Most factories won’t be that lucky, as they will emerge from the shutdown without inventory, and will take time to restart their equipment, retrain people who’ve forgotten their jobs after a month on layoff.  But eventually, companies that can restart, will do so.

What will be the profit margin then?

This is the question that the politicians don’t dare to discuss (and half of them, frankly, don’t think of at all). 

After the economy has been creating new money at a much slower pace for one month, two, or even three, will customers be as able to pay the asking price as they were before?

Our painter in the park still has that painting, and the passerby may still see it and like it.  But after he’s been without an income for a couple of months, will he be able to offer $500?

The odds are greater that he’ll offer $400, or $250, or maybe even less.  Our painter will need to take it, because he’s been painting without customers throughout the shutdown, and he needs every sale he can get.  But that will mean less for him, for the same amount of work, than he would have received if it weren’t for the shutdown.

And it therefore also means that the economy will likely be producing much less wealth than before, even if we fully ramp up immediately.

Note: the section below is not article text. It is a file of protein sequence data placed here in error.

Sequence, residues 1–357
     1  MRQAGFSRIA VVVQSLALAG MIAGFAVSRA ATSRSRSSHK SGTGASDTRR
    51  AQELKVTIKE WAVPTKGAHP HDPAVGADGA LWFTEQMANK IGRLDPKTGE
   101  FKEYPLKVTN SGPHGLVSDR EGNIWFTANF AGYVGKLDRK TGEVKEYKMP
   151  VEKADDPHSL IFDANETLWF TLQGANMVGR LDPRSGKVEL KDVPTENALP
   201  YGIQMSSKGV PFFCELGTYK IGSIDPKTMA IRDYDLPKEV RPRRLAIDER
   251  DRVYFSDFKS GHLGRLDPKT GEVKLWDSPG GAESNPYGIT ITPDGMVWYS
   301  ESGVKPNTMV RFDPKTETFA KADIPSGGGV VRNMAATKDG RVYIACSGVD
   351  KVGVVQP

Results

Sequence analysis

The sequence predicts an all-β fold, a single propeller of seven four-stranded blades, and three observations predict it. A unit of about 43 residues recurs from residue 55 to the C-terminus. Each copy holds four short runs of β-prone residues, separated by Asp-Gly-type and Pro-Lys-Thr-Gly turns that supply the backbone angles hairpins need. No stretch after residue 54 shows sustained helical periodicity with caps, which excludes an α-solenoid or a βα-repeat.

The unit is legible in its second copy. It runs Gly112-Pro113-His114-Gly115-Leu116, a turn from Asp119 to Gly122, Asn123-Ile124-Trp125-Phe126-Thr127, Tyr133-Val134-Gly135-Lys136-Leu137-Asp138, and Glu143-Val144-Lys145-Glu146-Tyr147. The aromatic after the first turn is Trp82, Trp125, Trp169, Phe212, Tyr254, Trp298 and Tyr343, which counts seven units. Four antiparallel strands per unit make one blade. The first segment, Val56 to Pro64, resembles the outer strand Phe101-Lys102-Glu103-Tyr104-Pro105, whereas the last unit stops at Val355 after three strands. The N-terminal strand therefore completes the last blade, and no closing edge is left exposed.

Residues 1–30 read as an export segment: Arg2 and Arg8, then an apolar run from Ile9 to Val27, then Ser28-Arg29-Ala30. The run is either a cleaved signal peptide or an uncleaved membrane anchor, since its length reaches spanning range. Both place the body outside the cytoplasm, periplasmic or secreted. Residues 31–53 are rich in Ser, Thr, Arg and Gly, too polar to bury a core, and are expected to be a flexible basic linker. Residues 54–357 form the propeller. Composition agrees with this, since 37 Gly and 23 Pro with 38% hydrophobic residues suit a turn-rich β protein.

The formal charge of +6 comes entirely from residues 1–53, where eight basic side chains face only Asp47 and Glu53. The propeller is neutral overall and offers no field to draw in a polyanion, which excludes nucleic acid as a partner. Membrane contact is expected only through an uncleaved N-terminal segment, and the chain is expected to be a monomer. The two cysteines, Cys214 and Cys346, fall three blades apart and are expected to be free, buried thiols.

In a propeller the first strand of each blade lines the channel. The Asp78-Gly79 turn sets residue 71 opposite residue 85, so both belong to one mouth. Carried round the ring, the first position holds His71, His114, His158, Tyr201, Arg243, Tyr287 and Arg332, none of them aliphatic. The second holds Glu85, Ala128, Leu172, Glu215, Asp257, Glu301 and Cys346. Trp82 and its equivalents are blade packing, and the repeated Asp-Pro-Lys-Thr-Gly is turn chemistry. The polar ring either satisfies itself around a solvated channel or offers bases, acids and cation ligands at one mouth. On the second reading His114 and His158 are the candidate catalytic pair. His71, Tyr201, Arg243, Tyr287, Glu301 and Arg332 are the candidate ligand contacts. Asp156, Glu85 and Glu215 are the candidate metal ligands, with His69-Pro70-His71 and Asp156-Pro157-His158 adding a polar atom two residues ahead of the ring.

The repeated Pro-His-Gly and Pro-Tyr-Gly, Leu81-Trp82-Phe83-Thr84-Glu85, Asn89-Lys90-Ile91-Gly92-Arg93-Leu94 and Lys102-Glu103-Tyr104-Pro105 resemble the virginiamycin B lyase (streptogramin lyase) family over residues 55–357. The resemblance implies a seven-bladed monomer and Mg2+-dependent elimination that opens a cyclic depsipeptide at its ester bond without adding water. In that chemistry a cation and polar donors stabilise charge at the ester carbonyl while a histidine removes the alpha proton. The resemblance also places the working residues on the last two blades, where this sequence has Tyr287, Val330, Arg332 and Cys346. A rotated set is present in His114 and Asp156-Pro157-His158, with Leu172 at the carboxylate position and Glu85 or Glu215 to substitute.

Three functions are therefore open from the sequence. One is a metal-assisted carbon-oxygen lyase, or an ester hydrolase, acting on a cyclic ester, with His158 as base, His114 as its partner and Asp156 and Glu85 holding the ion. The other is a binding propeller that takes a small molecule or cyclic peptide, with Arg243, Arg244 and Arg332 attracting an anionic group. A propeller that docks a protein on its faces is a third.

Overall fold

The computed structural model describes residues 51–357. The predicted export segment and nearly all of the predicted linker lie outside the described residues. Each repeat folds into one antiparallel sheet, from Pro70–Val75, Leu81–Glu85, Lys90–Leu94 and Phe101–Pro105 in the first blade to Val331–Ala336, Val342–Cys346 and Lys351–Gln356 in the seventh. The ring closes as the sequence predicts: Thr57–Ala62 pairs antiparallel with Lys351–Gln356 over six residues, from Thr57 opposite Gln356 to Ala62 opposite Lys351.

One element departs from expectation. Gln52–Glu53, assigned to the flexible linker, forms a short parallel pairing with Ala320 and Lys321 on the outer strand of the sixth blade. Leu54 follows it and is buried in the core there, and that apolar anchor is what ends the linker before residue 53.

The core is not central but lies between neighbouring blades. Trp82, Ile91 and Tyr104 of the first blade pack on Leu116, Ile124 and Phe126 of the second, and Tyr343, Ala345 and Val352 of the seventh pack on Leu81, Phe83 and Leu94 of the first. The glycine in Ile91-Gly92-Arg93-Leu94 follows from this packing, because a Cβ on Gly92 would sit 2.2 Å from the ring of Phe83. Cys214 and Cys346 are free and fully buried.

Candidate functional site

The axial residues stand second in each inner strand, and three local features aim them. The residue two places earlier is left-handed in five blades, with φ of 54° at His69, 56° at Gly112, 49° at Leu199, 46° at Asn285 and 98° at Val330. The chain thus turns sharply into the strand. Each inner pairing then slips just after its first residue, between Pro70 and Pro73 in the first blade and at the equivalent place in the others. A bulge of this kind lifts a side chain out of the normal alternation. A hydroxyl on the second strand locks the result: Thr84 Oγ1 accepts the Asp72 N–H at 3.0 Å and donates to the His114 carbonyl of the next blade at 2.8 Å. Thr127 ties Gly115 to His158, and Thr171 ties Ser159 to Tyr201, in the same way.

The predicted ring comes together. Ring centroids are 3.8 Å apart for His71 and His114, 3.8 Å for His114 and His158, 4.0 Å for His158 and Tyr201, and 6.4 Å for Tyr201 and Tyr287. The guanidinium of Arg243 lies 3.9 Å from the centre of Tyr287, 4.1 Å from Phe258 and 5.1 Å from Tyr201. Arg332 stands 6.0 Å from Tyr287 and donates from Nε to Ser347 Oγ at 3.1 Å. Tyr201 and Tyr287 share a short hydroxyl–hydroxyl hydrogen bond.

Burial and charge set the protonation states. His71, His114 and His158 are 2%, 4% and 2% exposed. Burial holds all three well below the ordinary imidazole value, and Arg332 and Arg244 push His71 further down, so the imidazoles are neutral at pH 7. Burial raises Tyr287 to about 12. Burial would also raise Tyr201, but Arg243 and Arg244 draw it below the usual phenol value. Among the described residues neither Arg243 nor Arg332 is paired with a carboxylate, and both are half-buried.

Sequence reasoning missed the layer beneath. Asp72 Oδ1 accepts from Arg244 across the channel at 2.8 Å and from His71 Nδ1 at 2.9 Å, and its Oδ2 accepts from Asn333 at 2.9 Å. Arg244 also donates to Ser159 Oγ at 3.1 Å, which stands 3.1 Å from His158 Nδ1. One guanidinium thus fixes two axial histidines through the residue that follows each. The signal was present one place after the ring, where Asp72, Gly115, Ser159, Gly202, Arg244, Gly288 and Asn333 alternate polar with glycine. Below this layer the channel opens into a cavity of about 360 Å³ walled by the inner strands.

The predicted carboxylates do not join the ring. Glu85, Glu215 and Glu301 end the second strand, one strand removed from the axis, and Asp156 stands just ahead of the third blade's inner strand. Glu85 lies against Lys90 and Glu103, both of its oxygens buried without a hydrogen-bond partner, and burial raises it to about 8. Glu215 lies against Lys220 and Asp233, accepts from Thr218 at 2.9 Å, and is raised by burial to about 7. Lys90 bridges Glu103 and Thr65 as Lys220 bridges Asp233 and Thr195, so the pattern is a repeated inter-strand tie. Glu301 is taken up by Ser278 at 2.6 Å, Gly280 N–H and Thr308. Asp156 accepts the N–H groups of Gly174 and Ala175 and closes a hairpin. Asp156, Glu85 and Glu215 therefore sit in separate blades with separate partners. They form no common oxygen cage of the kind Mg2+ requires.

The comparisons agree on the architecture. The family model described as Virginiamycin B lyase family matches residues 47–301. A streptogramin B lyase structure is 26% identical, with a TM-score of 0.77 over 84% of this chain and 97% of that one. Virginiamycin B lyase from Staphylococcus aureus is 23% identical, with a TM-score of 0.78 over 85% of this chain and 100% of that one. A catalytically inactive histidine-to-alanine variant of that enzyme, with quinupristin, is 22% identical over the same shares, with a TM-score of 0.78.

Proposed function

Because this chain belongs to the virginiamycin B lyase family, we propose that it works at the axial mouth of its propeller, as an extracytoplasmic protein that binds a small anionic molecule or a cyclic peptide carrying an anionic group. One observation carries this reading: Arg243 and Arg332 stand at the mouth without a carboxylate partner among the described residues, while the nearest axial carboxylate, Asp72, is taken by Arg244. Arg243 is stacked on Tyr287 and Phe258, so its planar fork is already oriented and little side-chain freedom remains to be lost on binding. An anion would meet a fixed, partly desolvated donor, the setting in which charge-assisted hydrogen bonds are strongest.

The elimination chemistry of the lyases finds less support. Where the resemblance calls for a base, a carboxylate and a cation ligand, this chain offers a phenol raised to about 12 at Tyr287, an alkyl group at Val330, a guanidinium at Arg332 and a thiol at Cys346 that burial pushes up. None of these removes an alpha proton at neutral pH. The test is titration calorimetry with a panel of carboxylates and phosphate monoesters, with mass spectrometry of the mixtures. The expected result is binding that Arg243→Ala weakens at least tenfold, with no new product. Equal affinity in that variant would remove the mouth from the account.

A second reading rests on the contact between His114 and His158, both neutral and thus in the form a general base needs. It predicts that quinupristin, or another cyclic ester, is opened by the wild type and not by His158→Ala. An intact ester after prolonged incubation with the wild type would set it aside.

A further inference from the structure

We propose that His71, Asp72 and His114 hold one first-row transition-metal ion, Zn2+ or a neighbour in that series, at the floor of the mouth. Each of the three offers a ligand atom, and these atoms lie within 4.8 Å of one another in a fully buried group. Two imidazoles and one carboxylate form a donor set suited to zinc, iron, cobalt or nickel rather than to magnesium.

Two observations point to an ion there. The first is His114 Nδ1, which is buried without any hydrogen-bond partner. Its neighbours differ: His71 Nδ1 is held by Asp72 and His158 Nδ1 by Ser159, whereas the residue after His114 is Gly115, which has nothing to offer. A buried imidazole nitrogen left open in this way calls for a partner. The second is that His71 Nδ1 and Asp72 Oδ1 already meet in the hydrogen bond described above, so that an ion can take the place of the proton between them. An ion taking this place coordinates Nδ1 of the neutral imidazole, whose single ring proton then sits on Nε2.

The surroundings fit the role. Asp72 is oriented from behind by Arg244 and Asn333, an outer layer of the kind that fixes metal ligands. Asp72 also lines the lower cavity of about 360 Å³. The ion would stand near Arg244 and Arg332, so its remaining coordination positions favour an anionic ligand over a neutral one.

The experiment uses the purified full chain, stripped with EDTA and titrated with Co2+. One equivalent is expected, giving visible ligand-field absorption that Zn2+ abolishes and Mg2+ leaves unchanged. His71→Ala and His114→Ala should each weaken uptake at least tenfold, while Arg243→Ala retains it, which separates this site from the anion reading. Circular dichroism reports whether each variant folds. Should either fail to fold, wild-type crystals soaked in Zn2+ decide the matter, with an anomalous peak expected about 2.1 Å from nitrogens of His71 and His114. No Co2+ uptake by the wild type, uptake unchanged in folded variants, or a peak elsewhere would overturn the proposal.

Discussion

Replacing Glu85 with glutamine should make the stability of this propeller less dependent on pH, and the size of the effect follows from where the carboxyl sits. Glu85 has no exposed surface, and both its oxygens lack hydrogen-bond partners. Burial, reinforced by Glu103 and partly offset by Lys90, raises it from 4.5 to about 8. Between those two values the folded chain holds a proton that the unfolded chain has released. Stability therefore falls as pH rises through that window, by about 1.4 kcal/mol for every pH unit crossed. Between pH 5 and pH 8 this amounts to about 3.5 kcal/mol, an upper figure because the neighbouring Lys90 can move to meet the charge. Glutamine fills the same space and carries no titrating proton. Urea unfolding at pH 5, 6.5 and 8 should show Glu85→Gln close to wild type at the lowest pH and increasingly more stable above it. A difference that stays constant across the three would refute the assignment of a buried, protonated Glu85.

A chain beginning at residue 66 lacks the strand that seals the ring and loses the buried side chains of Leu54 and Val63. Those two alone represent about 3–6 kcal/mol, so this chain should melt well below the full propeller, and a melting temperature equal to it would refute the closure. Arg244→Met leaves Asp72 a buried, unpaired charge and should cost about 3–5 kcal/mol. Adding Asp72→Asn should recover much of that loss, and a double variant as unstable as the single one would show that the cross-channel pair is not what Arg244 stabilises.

Perhaps we can return to nearly-full employment when the shutdown ends, but we won’t be able to return to our prior level of growth, so critical to the American standard of living.

Even after we come back, we won’t be making profits at the rate we were before, and that means that the politicians are not only spending money we don’t have now, they’re spending it based on future tax receipt expectations that are woefully unrealistic.

A significant proportion of any economy, good or bad, is based on confidence and enthusiasm.  People are more willing to spend more on a product when they are confident about their own future than when they aren’t, and that therefore affects the profitability of the stores where they shop.